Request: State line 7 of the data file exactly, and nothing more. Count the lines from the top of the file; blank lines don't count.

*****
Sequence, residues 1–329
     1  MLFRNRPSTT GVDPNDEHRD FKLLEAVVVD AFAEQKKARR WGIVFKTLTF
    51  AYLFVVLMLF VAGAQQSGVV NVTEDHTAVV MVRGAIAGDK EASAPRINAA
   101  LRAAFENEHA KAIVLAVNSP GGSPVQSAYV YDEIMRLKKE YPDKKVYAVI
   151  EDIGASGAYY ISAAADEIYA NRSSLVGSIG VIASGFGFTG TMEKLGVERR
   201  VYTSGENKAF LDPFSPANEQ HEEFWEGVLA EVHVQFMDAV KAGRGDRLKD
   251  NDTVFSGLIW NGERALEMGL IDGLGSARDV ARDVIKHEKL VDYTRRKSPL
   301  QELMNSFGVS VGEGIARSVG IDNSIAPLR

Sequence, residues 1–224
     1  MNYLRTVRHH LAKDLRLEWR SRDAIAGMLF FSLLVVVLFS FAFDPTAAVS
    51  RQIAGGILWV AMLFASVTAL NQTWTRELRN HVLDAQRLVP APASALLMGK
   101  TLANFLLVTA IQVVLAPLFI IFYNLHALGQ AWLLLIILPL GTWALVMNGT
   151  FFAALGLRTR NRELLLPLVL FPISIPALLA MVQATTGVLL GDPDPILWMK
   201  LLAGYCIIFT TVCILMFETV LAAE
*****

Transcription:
   251  NDTVFSGLIW NGERALEMGL IDGLGSARDV ARDVIKHEKL VDYTRRKSPL